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Mar-a-Lago ‘Spy’ Ordered to Be Detained by Publicly Suspicious Judge

The story is just too bizarre to be coincidental.

Something very strange occurred a few weeks ago at Mar-a-Lago, and a judge in Florida isn’t about to give up on finding out the truth.

Mar-a-Lago, a Florida resort owned by the President, has played host to scores upon scores of special events in which the public can partake.  Late last month one guest raised a few eyebrows, however, when she was stopped by authorities while carrying a number of strange electronic devices.  Upon further inspection it was determined that this reveler may very well have been in the espionage business, with these devices having been designed for just such a purpose.

Suddenly, rumors of Chinese espionage were flying, and the Secret Service were up to their ears in work.

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The mysterious woman who attempted to sneak these devices into Mar-a-Lago is currently behind bars, and one Florida judge is hoping that it stays that way.

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A federal judge Monday ordered the detention of Yujing Zhang, the Chinese woman arrestedtrying to enter President Donald Trump’s private Mar-a-Lago club.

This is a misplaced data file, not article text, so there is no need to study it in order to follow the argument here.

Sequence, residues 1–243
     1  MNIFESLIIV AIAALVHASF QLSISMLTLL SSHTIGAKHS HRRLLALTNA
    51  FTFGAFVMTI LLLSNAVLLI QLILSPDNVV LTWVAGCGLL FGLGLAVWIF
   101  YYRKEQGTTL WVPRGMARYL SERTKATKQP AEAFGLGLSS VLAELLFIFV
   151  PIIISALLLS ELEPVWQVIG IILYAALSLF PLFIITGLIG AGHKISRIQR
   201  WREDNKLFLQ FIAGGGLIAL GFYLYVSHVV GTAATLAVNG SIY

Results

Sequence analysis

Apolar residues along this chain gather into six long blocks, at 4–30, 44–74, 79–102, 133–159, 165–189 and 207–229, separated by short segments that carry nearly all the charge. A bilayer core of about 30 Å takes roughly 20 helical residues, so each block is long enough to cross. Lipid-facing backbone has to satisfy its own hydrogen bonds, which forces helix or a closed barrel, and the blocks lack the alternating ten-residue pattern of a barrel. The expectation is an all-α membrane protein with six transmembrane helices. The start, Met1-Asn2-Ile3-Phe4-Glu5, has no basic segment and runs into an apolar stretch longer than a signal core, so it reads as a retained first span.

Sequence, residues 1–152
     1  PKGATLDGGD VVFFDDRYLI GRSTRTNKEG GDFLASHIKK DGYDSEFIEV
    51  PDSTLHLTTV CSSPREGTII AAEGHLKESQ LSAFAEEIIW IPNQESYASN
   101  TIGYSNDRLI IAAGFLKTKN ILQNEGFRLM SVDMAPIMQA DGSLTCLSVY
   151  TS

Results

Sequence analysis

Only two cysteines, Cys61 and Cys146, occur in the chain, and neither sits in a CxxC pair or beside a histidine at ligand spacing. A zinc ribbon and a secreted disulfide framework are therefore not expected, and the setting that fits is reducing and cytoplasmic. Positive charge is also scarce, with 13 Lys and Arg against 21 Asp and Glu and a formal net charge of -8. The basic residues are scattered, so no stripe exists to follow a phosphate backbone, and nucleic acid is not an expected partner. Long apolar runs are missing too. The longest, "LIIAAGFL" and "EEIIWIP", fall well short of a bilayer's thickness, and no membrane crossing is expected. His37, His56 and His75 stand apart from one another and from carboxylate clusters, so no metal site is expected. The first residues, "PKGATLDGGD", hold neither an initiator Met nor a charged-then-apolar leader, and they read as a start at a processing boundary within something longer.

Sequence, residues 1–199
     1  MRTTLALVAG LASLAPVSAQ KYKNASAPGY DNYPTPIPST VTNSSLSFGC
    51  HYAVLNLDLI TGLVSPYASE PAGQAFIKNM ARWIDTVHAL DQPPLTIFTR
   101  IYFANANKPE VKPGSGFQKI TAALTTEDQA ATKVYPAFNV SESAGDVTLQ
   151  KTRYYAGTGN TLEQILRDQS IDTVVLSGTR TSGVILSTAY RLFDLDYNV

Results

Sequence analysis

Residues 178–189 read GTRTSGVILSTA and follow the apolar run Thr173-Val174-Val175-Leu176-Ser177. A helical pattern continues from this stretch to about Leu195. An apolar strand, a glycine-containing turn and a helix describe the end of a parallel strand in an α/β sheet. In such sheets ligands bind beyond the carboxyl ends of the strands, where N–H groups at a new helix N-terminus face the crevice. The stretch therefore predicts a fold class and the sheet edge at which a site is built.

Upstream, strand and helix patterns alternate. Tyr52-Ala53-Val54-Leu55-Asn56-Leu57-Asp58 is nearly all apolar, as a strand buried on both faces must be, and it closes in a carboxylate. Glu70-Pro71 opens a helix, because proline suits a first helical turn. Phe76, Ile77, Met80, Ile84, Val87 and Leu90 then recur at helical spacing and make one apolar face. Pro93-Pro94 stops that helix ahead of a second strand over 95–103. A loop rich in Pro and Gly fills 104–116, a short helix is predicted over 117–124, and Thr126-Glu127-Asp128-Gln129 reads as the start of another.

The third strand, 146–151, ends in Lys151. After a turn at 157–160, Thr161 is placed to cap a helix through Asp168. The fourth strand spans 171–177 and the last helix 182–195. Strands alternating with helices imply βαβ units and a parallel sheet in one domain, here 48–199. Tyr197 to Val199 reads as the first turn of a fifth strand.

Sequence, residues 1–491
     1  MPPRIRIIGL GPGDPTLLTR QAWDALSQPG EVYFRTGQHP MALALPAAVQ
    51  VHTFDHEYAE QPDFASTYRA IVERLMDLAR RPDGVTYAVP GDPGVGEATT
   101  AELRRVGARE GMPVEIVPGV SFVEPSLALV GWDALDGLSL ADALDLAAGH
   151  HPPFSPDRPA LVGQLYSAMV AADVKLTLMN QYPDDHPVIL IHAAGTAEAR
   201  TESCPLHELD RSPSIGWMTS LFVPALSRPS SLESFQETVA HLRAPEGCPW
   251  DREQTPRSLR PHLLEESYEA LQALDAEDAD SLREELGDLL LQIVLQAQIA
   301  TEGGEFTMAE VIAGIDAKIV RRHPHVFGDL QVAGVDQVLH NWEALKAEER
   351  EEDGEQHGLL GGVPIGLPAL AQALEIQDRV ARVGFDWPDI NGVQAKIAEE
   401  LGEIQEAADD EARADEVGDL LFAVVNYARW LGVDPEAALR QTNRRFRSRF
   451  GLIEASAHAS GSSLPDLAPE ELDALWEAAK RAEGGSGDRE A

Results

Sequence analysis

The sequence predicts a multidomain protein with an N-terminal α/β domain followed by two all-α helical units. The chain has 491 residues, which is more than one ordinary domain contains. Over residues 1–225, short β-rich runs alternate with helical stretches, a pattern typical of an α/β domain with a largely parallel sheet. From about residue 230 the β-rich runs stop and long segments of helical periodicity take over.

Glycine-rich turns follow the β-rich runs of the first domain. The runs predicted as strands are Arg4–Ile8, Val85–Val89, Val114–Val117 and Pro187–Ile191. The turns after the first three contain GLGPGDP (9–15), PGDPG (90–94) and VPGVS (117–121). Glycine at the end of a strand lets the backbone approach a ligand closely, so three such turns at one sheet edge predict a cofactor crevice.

“It does appear to the court that Ms. Zhang was up to something nefarious,” Magistrate Judge William Matthewman said at the federal courthouse in West Palm Beach, adding that he considered Zhang, 33, a flight risk and believed she would return to China if released before trial.

Matthewman said the weight of the evidence against Zhang — who pleaded not guilty Monday to charges of making false statements to federal officers and entering restricted property — is “quite strong.” Prosecutors had asked to keep her locked up.

The FBI isn’t taking any chances either, treating the case as a specific national security threat.

The events of Zhang’s arrest were bizarre, to say the least.

Shortly after noon on March 30, Zhang was waved through a U.S. Secret Service checkpoint outside Mar-a-Lago after saying she wished to visit the swimming pool, according to a criminal complaint. Mar-a-Lago staff granted her access because her last name — one of the most common in China — was the same as a club member’s, the complaint stated. She was stopped only after telling a receptionist and then a Secret Service agent that she was there to attend a “United Nations Friendship Event,” which was not on Mar-a-Lago’s calendar.

Secret Service agents found she was carrying a wide variety of electronics: four cellphones, a laptop computer, an external hard-drive and the thumb-drive. A search of her hotel room at the Colony in Palm Beach uncovered more electronics, including a device used to detect hidden cameras, and more than $8,000 in American and Chinese currency. She told the court in an earlier hearing that she was a financial investor and consultant from Shanghai, and said she owned a $1.3 million home and a BMW.

The case comes as the FBI revealed a long running Chinese espionage investigation had been taking place in South Florida.

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